NPR – Trump administration extends deadline for insurers to decide on Obamacare markets
The Trump administration is giving insurance companies an extra three weeks to decide whether to offer insurance plans through the Affordable Care Act markets, and how much to charge. The extension comes as insurance companies wait for President Trump to decide whether he will continue to make payments to insurance companies that are called for under the Affordable Care Act but that some Republicans have opposed. The payments — known as cost-sharing reduction payments — reimburse insurance companies for discounts on copayments and deductibles that they’re required by law to offer to low-income customers.

The Washington Post – Less sleep tied to diabetes risk in children
Children who sleep less may be at increased risk for Type 2 diabetes, researchers report. Earlier studies found a link between shorter sleep and diabetes in adults, but the connection has been little studied in children. British researchers studied 4,525 9- and 10-year olds from varying ethnic backgrounds. On average, their parents reported they slept 10 hours a night, with 95 percent sleeping between eight and 12 hours. The study, published in Pediatrics, found that the less sleep, the more likely the children were to have higher body mass indexes, higher insulin resistance and higher glucose readings. All three are risk factors for Type 2 diabetes.

Reuters – Air pollution ups stress hormones, alters metabolism
Breathing dirty air causes stress hormones to spike, new research suggests, which could help explain why long-term exposure to pollution is associated with heart disease, stroke, diabetes, and a shorter life span. Dr. Haidong Kan of Fudan University in Shanghai, China, and colleagues looked specifically at the health effects of particulate matter (PM), small particles less than 2.5 millimeters in diameter, from industrial sources, that can be inhaled and become lodged in the lungs. While PM levels have gone down in North America in recent years, they are on the rise worldwide.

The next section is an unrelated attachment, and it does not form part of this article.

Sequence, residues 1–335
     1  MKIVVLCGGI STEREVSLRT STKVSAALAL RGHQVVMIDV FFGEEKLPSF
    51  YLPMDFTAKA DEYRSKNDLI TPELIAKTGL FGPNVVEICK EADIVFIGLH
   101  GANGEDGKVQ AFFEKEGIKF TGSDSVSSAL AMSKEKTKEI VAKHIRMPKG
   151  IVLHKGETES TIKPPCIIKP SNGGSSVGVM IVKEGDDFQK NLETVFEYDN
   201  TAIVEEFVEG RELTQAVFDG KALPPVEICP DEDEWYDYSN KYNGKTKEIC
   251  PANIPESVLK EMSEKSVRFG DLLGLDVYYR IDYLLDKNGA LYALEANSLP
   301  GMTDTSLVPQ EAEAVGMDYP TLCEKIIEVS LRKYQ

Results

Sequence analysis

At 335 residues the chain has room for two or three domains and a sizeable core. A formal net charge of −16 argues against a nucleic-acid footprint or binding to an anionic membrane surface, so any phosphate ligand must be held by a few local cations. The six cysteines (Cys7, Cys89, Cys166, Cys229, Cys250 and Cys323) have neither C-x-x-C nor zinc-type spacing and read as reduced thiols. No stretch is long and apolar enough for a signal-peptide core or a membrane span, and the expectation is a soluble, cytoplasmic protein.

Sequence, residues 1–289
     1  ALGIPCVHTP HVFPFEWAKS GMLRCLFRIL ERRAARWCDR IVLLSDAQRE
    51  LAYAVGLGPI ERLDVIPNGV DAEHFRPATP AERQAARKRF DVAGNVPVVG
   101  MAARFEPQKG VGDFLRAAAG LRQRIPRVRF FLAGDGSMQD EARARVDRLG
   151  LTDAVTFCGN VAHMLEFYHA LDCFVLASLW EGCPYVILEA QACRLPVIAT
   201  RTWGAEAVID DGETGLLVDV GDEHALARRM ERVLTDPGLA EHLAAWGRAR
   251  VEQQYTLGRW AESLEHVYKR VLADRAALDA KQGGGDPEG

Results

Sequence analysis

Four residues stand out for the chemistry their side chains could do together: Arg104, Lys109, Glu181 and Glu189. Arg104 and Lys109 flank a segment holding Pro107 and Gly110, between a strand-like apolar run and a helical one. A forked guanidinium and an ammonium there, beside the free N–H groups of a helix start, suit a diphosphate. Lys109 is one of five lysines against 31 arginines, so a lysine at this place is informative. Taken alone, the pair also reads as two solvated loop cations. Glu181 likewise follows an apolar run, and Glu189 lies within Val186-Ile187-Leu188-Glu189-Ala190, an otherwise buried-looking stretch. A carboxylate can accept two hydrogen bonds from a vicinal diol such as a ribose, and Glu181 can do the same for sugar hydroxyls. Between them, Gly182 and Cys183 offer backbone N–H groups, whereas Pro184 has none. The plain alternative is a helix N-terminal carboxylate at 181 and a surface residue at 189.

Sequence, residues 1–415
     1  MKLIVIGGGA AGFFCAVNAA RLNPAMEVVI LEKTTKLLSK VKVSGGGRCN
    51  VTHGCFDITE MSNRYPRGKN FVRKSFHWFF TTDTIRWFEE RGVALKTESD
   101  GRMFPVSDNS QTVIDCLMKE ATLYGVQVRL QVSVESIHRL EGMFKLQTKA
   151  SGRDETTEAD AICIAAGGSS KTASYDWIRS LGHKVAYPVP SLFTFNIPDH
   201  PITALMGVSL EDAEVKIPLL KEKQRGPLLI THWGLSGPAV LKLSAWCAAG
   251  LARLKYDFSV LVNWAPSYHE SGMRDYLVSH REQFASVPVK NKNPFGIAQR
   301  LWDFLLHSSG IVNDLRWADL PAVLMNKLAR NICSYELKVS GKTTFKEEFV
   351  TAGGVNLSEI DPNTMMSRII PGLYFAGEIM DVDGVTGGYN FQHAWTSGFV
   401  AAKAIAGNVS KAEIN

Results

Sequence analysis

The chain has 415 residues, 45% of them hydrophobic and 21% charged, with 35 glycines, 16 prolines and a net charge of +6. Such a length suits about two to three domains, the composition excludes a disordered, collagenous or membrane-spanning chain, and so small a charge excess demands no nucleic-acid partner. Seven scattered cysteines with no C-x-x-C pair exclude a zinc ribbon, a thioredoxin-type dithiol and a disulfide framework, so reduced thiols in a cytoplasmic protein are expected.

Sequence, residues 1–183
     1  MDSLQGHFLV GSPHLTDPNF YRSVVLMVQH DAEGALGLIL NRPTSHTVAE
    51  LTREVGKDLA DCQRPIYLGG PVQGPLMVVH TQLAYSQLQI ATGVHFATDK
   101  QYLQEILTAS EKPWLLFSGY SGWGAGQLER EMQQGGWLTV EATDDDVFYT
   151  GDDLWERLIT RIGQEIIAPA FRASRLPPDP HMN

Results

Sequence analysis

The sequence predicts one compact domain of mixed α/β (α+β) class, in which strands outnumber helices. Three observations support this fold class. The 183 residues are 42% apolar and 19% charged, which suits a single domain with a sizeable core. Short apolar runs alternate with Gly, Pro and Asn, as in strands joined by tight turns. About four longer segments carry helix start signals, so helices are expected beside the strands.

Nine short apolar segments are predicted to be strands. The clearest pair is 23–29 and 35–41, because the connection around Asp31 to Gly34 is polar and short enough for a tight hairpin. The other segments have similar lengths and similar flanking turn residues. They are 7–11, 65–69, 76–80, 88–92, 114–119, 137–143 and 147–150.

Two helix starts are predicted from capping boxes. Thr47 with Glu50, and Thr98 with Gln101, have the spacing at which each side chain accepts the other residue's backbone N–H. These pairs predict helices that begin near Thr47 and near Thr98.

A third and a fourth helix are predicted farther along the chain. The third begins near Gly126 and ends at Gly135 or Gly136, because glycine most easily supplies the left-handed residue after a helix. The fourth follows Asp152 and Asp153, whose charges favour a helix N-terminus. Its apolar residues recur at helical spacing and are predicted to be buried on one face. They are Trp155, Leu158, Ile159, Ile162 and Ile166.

HealthDay – Taking a stand on staying mobile after 80
If you want to stay as fit as possible well into your 80s, the answer may be as simple as standing on your own two feet. New research shows that a standing-exercise program is more effective for older adults than commonly used seated exercises. Among nearly 300 participants who were an average age of 80, those who took part in a standing-exercise program were able to walk faster and farther than those in a seated-exercise program, researchers reported.

The New York Times – When sports injuries lead to arthritis in joints
When a physically active person like me injures a joint, especially one as crucial as a knee or ankle, one of the first thoughts, if not the first thought, is likely to be “How fast can I get back to my usual activities?” That kind of thinking, however, could set the stage for a painful chronic problem years later: post-traumatic osteoarthritis. In the rush to get back in the game, whether as part of a team or elite sport or simply a cherished recreational activity like jogging or tennis, it is tempting to short-circuit the rehabilitation needed to allow the joint to heal fully. But adequate recovery, including rehab measures aimed at strengthening structures that support the injured joint, is critical to maximize its stability, reduce the risk of reinjury and head off irreparable joint damage.